The Bipeds: 54 Strange Words
Thursday, Jun. 21–Sunday, Jun. 24
The Fruit, Durham

Perhaps halfway through local dance-music company The Bipeds’54 Strange Words, which premiered as the closer in the DIDA season near the end of June, I saw something I’ll never forget.

Dana Marks, whom you likely know as an actor and director with Little Green Pig, emerged into the performance space at The Fruit, joining dancer and choreographer Stacy Wolfson, banjoist and singer Curtis Eller, and their ensemble of dancers and movers among the smoldering shadows.

Wearing stilts beneath a long robe that had a rib cage on the outside, with her face whited to a ghastly pallor, Marks sang garbled arias and made eldritch gestures with her hands before reinforcing her height with an upright bass. The impression was of some heretofore undreamed fusion, as if Studio Ghibli had made a live-action horror movie about a saint in a medieval painting. Check our Instagram to see for yourself, including the haunting moment when Marks enfolded Wolfson under her robe.

This tableau was the purest implementation of the unusual all-singing, all-moving idea behind The Bipeds, which clearly is seeking to blur modern dance, live music, and theater into a dreamlike unity, not to paste them into a simple collage. It was also the clearest vision of the piece’s purported origins in a nightmare. Elsewhere, the show achieved this balance and focus to varying degrees, with the music (which is also available as an album) sometimes overwhelming the dance.

But put aside dance for a moment, because by any measure, this was a vivid, memorable show.

Eller, who fronts the band Curtis Eller’s American Circus, is a gifted, natural performer, not just of music—with his gruff but sweetened tenor that easily projects—but also of stage movement. Dressed like a California gold-rush prospector unwinding at the saloon, he began by waking up the cast members feigning sleep on the ground. (The music, which blends acoustic instruments in the performance area with an electric combo on the periphery, is of a piece with this noir-ish sepia setting, the songs rooted in American spirituals, blues, and boogies.)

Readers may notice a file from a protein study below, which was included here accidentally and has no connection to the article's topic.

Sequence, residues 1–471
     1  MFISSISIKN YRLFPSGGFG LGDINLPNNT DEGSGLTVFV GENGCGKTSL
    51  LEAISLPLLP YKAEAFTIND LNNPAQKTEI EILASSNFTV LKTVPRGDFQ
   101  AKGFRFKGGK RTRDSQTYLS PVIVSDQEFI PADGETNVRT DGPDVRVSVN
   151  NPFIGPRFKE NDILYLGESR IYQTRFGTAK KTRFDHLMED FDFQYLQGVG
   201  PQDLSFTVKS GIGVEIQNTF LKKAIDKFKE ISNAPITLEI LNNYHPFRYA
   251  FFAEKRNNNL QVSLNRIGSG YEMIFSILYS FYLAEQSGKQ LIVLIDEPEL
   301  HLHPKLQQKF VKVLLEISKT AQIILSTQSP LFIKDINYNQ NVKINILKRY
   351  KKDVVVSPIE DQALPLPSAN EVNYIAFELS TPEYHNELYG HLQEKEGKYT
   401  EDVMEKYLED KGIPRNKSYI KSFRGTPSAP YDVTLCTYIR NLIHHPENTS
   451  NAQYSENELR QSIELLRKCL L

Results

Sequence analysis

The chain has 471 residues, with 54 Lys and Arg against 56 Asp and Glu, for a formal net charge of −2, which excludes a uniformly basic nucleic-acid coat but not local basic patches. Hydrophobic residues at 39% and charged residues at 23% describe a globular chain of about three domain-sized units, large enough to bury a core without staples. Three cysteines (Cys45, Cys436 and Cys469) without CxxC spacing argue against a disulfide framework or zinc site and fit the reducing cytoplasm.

Beginning to play his banjo, which he likes to swing around as if it were shooting out rainbows, Eller planted his feet like a root, his body bobbing around the notes, a daisy on its stem. More surprising, because we haven’t really heard her sing before, Wolfson has some really strong pipes, unleashing steely blasts against Eller’s wiry lines and the group’s impassioned harmonies. The piece has many more than fifty-four strange words, though I felt compelled to soak it in as a total sensory and emotional experience rather than trying to follow a story in the lyrics.

The show has plenty of interesting movement, most of it happening when dancers and musicians blend into one roiling mass, pulling each other into acute shapes and drawing hard-striking lines across the stage, their voices joined in a threnody.

But the dance-iest dance parts, the solos and duets, felt comparatively low-impact and disconnected. They didn’t harm the piece, but they didn’t add to it. They were just there, unfolding in niches and corners, like isolated signposts reading, “Here be dance,” whereas the most riveting movement existed in wild, teeming ecosystems. Also, the piece ended perfectly with the showstopping title track, but then it went on for ten or fifteen minutes more.

Those issues aside, 54 Strange Words works, and often captivates. It gave me an unforgettable image to take away, something I have written about prizing before. If The Bipeds either knead the dance deeper or go all in on their own brand of experimental musical theater, a show that’s already cooking hot will boil right over.